Citizen-Consumers in Sustainability Transitions: A Case Study of Seikatsu Club Consumer Cooperative

Wednesday, 18 July 2018: 16:30
Oral Presentation
Maki HATANAKA, Sam Houston State University, USA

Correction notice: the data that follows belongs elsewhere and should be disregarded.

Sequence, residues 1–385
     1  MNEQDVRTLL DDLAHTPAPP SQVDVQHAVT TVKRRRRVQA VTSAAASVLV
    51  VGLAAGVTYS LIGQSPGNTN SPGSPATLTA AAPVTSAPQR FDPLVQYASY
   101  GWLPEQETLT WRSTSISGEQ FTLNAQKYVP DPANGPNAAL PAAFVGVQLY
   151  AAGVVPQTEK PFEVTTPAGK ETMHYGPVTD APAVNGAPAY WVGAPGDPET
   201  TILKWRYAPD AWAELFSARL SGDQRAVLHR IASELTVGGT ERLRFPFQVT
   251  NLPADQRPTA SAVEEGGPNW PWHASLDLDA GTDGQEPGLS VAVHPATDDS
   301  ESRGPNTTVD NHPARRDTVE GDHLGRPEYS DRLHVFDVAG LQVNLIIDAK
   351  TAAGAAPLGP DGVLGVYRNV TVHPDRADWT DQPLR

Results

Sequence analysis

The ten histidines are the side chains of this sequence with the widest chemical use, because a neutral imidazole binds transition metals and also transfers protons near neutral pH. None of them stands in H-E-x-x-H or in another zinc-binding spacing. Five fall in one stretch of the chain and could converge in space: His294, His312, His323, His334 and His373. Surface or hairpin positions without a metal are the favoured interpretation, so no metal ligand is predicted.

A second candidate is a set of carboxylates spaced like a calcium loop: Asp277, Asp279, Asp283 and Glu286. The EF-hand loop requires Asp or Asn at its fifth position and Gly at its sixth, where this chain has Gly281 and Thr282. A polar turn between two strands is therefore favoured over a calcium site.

What roles can consumers play in fostering sustainability transitions? Much of current sustainability governance is characterized by instrumental and technical practices and thus, there is little room for ordinary citizens (e.g., producers and consumers) to meaningfully participate. As a result, the roles of consumers are often limited to the relatively passive role of “voting with their dollars” in the marketplace. This paper challenges the passive role of consumers in much of sustainability governance through a case study of the Seikatsu Club Consumer Cooperative (SCCC) in Japan. SCCC utilizes a citizen-based governance mechanism in which its members actively participate in building a sustainable agrifood system. A core belief of SCCC’s governance system is “reciprocal responsibility.” This is when producers and consumers both take responsibility for making changes in further sustainability. From a consumer perspective, this entails actively participating in all aspects of governance and making commitments to support farmers while they transition their practices. While the findings of this paper are limited to a single case study, they do indicate that robust forms of citizen consumerism are possible.